The New 'Open Imaging' Lung Cancer Research Site Goes Live

Give A Scan is the world's first people-powered, publicly available archive of images and clinical data on lung cancer patients and those at risk for the disease. All of the images and data have been donated by people who have been diagnosed and undergone treatment or screened in order to encourage more researchers to focus on lung cancer and to accelerate progress in the early detection, diagnosis and treatment of this leading cause of cancer deaths worldwide.

According to World Health Organization (WHO) figures, 1.6 million people were diagnosed worldwide with lung cancer in 2008, and 1.3 million died. In the U.S., lung cancer is taking as many lives each year as the combined total of the next four most lethal cancers - colon, breast, prostate and pancreatic cancers. The five year survival rate is still only 15%.

Research efforts to better understand, detect, and effectively treat lung cancer increasingly rely upon the acquisition and quantitative interpretation of radiological imaging studies such as Computed Tomography (CT) and Positron Emission Tomography (PET).

Although numerous medical imaging conferences and workshops have made the recommendation to create a large and freely available image database resource, none of the attempts so far have achieved a large and 'open imaging' database of the size needed to accelerate lung cancer research - including lung cancer screening, computer aided detection and diagnosis, and the development of quantitative methods for drug therapy assessment.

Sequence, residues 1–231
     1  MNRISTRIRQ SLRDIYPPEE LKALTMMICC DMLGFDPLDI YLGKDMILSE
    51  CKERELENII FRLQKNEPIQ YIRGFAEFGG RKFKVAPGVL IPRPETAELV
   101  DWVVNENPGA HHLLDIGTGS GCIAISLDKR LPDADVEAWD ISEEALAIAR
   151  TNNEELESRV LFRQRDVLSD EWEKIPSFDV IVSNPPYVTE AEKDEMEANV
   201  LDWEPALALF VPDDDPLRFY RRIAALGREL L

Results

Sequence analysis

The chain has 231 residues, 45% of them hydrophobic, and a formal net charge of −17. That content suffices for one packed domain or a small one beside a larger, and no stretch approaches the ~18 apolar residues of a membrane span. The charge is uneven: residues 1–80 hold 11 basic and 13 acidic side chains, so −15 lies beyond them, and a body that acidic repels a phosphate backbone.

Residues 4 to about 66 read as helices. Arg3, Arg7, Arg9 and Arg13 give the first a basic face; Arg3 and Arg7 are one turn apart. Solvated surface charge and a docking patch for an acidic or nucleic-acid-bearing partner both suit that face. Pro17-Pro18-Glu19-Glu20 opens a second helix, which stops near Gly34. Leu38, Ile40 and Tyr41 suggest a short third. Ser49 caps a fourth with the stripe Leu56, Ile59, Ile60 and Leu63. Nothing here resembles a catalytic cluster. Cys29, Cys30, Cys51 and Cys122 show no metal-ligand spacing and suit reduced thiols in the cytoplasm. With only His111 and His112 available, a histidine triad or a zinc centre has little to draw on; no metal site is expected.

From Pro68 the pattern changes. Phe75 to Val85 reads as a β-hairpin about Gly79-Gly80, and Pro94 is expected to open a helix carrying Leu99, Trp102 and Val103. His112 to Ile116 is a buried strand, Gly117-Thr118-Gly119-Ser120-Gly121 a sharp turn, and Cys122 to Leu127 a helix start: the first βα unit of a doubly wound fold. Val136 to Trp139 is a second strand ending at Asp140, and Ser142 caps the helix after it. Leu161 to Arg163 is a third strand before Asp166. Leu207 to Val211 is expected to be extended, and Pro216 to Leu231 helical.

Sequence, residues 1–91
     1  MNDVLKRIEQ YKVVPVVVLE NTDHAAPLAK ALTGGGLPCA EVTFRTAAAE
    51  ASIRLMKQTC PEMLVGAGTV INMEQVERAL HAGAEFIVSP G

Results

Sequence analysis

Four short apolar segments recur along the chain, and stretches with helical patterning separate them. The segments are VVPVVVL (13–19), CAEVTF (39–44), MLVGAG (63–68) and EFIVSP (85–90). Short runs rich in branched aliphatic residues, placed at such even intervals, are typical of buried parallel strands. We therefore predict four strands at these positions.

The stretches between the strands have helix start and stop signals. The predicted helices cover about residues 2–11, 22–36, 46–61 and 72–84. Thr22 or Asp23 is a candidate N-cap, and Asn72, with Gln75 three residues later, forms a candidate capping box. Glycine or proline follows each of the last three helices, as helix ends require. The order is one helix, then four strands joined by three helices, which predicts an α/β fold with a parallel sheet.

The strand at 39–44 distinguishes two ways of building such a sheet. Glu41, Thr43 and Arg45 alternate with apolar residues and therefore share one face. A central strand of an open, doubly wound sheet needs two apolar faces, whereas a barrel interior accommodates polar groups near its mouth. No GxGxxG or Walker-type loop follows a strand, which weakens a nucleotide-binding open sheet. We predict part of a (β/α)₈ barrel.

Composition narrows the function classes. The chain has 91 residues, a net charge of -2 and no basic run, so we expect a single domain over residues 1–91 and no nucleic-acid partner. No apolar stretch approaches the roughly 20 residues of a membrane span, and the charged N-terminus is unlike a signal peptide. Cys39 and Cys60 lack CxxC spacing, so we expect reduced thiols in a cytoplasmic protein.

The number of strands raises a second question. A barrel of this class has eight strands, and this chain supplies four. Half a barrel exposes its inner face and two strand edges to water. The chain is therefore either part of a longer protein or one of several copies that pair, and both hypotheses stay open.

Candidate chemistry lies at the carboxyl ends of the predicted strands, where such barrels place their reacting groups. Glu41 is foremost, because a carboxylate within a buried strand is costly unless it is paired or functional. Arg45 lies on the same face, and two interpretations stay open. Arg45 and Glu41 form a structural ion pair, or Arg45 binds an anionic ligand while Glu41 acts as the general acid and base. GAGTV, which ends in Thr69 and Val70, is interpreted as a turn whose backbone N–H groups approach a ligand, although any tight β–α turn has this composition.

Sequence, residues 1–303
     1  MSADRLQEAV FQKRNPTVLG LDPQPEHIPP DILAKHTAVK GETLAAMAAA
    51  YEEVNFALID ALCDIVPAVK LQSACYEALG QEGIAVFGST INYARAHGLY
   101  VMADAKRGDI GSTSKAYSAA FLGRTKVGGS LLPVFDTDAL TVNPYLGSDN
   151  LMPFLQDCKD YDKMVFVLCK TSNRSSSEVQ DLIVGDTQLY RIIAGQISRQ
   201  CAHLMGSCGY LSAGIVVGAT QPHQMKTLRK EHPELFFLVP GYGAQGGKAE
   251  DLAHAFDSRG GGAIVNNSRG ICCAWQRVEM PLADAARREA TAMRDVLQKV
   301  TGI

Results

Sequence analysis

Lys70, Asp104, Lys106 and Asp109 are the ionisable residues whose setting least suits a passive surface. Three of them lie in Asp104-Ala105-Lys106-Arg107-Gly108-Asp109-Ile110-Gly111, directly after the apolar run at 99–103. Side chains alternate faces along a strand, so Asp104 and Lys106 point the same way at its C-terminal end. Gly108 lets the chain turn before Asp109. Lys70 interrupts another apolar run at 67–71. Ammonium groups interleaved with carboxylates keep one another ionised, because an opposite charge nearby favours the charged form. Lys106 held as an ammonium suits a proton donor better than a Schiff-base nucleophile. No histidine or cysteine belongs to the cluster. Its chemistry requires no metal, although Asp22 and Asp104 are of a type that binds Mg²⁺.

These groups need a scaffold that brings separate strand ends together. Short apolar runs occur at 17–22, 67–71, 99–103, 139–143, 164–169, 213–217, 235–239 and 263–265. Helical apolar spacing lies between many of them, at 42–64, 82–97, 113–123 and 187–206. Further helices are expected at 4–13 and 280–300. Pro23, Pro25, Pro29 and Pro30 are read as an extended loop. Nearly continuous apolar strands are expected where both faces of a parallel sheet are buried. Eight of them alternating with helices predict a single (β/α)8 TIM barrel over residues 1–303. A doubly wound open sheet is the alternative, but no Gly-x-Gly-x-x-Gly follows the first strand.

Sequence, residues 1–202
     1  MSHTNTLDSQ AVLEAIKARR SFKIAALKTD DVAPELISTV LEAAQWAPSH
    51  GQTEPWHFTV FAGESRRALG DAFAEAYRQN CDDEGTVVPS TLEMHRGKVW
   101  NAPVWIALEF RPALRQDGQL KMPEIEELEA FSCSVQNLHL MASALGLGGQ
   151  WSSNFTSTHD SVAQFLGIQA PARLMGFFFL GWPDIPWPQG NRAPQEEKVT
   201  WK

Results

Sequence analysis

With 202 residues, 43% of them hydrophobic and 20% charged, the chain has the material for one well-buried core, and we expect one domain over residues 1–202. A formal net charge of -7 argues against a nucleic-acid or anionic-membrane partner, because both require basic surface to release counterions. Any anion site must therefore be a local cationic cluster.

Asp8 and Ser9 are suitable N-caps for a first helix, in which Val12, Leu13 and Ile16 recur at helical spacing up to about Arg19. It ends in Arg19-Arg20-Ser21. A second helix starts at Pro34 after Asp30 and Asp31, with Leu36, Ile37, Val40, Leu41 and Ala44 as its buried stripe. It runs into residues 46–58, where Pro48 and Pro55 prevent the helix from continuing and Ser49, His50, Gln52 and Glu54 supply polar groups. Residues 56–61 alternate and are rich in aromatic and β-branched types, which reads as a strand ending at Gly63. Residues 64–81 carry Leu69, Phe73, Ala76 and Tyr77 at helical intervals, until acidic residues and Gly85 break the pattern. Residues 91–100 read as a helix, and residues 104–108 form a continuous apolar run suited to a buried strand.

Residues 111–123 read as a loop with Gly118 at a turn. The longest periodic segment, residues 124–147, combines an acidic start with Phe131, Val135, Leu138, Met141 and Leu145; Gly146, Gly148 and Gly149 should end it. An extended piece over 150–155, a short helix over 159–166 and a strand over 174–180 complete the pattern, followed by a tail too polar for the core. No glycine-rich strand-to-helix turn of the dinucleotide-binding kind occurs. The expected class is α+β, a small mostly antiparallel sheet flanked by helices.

The launch of Give A Scan’s new website is supported by the Lung Cancer Alliance (LCA), Siemens, and Kitware. The site is powered by Midas, Kitware’s open-source data management system. The most current version of Midas, which has improved metadata capabilities, will help make images and data more accessible to researchers.

“Lung cancer needs both, and we are grateful that Siemens Healthcare will be helping us to take this program national and to Kitware, Inc., for their help in the development and maintenance of the program,” said Laurie Fenton Ambrose, President and CEO of LCA.